Middle Class Crisis: Out of Control Spending and Socialism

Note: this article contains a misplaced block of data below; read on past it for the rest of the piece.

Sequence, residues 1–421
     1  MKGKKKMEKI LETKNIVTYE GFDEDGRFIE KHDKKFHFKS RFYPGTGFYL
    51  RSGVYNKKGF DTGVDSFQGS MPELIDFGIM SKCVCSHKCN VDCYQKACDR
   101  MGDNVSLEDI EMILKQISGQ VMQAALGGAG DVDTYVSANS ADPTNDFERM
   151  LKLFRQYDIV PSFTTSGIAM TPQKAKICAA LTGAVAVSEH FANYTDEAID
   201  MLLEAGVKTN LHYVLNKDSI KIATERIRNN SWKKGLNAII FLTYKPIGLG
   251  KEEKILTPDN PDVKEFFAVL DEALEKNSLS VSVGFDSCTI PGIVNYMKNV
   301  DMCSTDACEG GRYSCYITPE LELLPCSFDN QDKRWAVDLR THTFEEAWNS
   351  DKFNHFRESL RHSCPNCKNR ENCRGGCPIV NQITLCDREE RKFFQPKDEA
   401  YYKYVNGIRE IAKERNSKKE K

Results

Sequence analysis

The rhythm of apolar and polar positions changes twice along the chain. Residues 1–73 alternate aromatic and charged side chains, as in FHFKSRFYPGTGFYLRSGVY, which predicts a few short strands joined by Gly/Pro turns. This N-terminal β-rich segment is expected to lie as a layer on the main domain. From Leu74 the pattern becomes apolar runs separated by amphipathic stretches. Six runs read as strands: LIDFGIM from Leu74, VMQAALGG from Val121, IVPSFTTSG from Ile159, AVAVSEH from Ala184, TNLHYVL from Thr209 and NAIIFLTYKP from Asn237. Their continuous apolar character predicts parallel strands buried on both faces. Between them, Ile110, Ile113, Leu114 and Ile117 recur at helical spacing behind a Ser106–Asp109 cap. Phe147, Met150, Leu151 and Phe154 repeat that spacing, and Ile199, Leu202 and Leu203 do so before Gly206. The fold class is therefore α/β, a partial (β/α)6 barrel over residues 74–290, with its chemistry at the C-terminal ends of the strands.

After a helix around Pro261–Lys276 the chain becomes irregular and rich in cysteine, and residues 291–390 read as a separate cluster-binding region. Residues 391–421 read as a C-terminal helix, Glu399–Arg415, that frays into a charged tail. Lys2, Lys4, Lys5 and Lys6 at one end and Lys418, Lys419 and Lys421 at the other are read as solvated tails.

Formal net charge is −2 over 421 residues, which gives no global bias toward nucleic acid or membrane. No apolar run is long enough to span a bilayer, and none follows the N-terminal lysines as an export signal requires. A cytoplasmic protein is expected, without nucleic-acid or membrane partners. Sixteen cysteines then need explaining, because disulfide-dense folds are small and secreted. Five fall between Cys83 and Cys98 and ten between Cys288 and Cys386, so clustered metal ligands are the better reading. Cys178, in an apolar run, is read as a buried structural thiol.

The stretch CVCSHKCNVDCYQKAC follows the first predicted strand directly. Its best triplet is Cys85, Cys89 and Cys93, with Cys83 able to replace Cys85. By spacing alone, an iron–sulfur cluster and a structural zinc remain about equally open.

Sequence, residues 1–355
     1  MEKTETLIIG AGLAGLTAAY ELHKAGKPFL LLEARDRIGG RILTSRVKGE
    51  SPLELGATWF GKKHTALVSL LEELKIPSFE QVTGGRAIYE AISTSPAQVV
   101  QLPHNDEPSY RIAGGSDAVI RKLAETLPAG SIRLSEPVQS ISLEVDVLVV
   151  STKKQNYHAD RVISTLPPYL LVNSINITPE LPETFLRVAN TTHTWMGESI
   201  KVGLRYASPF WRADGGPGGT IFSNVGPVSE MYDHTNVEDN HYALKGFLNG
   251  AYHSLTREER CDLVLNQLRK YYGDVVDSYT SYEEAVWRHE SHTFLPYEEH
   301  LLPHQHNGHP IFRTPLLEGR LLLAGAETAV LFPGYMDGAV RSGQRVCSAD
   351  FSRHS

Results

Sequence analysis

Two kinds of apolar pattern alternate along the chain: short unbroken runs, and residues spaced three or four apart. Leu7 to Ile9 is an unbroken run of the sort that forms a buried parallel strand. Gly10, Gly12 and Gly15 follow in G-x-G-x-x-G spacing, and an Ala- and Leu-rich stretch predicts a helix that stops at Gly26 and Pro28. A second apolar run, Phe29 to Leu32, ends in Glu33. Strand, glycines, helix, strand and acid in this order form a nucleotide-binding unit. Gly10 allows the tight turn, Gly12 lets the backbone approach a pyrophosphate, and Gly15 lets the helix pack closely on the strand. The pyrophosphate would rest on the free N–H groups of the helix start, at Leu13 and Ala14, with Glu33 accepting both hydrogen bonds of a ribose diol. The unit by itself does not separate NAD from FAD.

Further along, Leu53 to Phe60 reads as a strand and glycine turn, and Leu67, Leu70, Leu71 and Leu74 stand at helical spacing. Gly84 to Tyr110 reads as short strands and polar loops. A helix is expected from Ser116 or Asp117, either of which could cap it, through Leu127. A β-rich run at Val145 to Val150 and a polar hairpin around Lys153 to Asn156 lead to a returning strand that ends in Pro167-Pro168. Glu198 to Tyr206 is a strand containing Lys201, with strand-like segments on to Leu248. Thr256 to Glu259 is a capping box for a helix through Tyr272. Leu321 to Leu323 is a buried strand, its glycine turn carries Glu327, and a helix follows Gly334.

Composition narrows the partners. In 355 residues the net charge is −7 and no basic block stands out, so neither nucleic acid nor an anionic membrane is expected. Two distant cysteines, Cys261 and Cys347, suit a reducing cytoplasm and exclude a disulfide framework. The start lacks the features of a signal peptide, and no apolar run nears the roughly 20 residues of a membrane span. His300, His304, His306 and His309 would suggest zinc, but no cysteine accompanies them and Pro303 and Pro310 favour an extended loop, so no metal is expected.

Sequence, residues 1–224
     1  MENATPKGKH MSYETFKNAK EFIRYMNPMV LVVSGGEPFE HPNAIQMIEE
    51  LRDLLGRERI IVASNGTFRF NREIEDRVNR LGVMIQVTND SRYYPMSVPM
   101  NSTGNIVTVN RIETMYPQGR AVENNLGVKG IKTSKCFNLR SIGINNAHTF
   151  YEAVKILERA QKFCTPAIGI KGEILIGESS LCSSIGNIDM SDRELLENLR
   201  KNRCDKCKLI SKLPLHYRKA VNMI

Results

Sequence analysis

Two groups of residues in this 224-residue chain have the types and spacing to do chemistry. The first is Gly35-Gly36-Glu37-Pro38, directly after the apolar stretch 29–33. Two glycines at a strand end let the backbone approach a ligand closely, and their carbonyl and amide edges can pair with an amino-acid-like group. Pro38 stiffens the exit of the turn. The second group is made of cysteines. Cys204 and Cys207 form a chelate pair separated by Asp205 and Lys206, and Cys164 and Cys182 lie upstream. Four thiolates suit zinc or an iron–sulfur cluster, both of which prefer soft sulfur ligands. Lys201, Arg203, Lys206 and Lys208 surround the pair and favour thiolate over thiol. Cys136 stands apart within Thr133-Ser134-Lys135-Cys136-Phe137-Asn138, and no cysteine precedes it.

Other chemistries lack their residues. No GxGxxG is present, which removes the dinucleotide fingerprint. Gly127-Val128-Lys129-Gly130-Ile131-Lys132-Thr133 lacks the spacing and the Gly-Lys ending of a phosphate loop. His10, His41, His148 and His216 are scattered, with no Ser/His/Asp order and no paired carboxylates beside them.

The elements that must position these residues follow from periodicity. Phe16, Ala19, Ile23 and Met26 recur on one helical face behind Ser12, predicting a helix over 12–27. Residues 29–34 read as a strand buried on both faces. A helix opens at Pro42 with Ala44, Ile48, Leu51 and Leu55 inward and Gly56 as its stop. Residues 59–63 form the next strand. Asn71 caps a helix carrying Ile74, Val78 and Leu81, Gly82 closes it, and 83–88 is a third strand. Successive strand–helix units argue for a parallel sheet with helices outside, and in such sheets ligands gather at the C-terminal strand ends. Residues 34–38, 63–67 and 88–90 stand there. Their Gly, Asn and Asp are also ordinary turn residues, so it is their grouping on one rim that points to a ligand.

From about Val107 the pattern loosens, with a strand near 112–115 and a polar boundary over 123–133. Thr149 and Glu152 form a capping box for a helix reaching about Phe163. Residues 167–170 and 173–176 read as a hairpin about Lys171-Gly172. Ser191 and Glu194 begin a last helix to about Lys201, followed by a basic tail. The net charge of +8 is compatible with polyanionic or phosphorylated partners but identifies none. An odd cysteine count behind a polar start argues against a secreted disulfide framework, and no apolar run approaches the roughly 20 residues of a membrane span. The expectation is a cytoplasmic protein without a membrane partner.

The socialists got it wrong, you cannot regulate morals, work ethic or motivate people via central planning. In short, socialism does not work, as it does NOT encourage people to work harder, be innovative and creative, nor does it allow for upward social mobility in society either (which is a very strong incentive for people to save, invest and so on). In addition, socialism calls for a planned economy whereby the government is in charge of absolutely everything - and we know how that always pans out. Worst of all, socialism discourages people to think for themselves, take care of themselves, and truly be free in the process. Instead, if every citizen knows or believes the government will always take care of them - then why bother taking care of yourself or even being worried about it? Why bother saving and investing your own money for retirement when the government will give you a pension in old age? Why bother saving money and taking care of your own personal finances, when you know the government will always bail you out? Why bother taking care of yourself when someone else, such as a bureaucrat thousands of miles away will do it for you - or will they? Are government bureaucrats really that good and competent when it comes to taking care of you? As stewards of the economy and the well being of the nation, are they leading down the path to prosperity or ruin?